The Social Investment Forum Foundation provides guides to foundations dedicated to specific causes who want to implement tailor-made screening practices. For example, health foundations may negatively screen their portfolios for companies that profit from fast-food or tobacco industries, environmental grantmakers can target companies with “eco-efficient” operations, human rights funders may employ investment criteria related to international fair labor conditions, and community foundations that support economic development can invest in companies with strong community relations departments or lending institutions that provide capital to financially underserved populations (Humphreys, 2007, p. 4). Nevertheless, applying screens may be perceived as too challenging for some institutions. The Vermont Community Foundation investment committee explored screening strategies, but eventually decided that there was a dearth of screens that satisfied all of its stakeholders; as a result, it launched a separate “socially responsible investment pool” and focused on other MRI practices (Kasper, Bernholz, & Fulton, 2007, p. 5).
Shareholder Activism. As an alternative to screening, advocates of shareholder activism endeavor to use their investment positions to positively influence the behavior of mainstream companies. Some foundations vote their proxies, a document serving as a ballot that also discloses important information about corporate issues and governance. The right to vote is afforded to all shareholders who want to influence management and the corporate decision-making process during annual meetings. Humphreys (2007) asserts, “the proxy is a material asset, which can serve as a key tool for actively promoting sound corporate governance, holding companies accountable for their impacts, and promoting long-term shareowner value” (p. 12). For example, the $6.1 billion MacArthur Foundation instituted a policy for voting shareholder proxies “to reduce or eliminate a substantial social injury caused by a company’s actions” (Piller, 2007, p. C1).
Foundations that seek to be even more aggressive can file their own shareholder resolutions to address issues of particular concern. Like screening, this approach transfers responsibility away from disconnected financial managers and empowers the foundation to exercise its will according to its philanthropic purpose. Lipman (2006) states, “in the vast majority of cases, private money managers cast the proxies in support of whatever position a company’s management supports – and that almost always is the opposite of what a shareholder resolution seeks” (p. 7). Investors who continuously own shares worth at least $2,000 in any U.S.-listed publicly traded company for one full year can file shareholder resolutions to be voted on at the company’s annual meeting (Humphreys, 2007, p. 13). Proposals are categorized either as governance, focusing on traditional management issues such as selection of directors, or as social, calling for reports or policy changes on social or environmental issues (As You Sow and Rockefeller Philanthropy Advisors, 2007, p. 1). Proactive dialogue with management may also be less formal. Foundation officers, trustees, and staff can write letters to company executives and board members to introduce topics related to social and environmental issues that fall within the purview of the foundation’s mission.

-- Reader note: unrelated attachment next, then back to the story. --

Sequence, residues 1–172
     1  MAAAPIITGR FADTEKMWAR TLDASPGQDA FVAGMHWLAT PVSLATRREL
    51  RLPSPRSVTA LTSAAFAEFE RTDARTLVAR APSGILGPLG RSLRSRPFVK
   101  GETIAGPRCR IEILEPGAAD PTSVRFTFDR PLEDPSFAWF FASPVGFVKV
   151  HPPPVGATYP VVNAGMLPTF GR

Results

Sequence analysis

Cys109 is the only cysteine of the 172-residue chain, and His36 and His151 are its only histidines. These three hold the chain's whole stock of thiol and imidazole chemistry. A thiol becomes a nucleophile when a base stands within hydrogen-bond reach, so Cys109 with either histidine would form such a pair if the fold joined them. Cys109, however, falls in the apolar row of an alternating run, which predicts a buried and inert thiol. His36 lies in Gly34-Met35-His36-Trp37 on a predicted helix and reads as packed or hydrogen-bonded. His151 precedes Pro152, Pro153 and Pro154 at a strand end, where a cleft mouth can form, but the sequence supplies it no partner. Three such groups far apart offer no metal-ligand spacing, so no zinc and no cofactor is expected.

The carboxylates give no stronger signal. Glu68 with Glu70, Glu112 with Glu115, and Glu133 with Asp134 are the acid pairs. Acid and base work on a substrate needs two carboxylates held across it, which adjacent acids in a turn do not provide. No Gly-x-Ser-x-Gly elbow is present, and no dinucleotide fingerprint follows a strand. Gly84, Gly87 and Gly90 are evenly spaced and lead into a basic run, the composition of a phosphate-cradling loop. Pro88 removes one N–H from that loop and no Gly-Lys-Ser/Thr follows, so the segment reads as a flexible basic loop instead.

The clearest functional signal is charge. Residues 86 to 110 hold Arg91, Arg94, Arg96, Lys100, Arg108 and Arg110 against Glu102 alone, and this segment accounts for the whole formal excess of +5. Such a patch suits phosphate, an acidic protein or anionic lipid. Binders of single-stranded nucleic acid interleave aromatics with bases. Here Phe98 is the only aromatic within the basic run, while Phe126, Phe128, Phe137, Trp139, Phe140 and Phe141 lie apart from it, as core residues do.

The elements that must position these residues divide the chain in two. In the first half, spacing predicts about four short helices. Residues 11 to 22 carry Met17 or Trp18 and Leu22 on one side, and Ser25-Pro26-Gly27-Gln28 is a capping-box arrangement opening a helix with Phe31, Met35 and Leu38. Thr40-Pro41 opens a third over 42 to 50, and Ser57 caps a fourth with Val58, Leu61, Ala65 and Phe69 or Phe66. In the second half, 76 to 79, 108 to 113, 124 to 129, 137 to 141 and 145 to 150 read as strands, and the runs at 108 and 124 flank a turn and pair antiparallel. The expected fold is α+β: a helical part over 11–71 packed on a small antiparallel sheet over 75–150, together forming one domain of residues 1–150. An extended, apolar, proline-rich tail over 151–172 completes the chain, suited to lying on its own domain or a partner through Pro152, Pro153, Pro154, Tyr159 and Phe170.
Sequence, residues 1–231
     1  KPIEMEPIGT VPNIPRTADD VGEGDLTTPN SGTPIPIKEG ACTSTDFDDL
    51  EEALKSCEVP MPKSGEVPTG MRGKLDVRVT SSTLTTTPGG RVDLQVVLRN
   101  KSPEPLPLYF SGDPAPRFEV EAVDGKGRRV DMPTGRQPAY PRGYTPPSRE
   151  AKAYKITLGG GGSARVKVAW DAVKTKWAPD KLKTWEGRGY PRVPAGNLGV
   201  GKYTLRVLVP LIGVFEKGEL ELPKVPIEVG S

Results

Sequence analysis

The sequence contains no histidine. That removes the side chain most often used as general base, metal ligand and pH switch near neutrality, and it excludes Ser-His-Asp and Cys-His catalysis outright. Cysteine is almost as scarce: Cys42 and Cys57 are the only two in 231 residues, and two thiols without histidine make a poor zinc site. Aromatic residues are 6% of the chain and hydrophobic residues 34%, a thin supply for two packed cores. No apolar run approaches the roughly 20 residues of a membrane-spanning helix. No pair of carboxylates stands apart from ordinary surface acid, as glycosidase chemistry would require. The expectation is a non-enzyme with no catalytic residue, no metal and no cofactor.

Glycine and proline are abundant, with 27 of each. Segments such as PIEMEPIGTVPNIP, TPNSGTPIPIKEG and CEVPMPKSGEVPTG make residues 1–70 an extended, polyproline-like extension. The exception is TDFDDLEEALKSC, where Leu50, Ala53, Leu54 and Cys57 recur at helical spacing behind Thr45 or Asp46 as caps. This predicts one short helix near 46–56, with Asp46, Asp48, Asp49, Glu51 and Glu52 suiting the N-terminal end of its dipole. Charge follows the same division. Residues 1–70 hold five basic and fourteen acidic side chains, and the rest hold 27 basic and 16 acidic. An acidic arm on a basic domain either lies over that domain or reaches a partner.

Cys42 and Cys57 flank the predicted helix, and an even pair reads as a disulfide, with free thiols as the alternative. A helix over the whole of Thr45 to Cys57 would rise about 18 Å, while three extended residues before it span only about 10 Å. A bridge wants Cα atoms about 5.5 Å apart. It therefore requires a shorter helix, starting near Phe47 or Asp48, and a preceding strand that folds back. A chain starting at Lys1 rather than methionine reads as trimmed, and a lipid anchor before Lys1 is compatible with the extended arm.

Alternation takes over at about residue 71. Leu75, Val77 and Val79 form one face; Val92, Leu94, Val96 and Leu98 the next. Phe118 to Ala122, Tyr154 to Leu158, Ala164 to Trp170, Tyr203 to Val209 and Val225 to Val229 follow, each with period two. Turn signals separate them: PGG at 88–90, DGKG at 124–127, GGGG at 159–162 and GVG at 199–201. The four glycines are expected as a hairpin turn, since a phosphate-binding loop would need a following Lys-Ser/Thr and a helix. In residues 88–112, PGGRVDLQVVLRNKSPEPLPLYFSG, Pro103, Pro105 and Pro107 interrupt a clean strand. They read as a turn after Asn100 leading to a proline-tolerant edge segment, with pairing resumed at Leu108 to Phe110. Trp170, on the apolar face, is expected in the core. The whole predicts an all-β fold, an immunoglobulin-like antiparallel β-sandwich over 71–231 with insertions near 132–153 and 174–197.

Although every branch of shareholder activism requires extensive involvement and acute knowledge of a company’s operations, it has proven to be effective in furthering the demand for increased corporate responsibility. In particular, the Nathan Cummings Foundation, whose founder created the food conglomerate Sara Lee, has exemplified the power of shareholder engagement to promote its interests of advancing human health and environmental justice. With an endowment valued at more than $500 million, the Cummings Foundation participated in thirteen shareholder resolutions in 2006, including attempts to persuade Bed, Bath & Beyond and Home Depot to improve energy efficiency in their stores and to require greater disclosure of greenhouse gas emissions by Ultra Petroleum and Valero Energy (Beatty, 2007, p. W2). Although such activism may not garner a majority of shareholder votes, the minimum underlying goal is to raise public awareness and initiate conversation by getting the foundation’s ideas on the company’s agenda.
In a heralded case demonstrating the potential efficacy of shareholder activism, the Noyes Foundation leveraged the support of one of its resolutions to successfully convince Intel to revise its environmental health and safety policies (Emerson, 2003, p. 44). In another successful case, the Needmor Fund, a family foundation dedicated to empowering disadvantaged populations, joined a shareholder coalition to push Taco Bell’s parent company, Yum! Brands, to improve working conditions for farm workers. After four years of engagement, Yum! agreed to a historic settlement that increased wages and applied a General Supplier Code of Conduct for growers across Florida (Humphreys, 2007, p. 13). One of Needmor’s grantees, the Coalition of Immokalee Workers, had already been working on behalf of this largely immigrant workforce – showcasing the ultimate synergy that can be realized between a foundation’s grantmaking and investing strategy.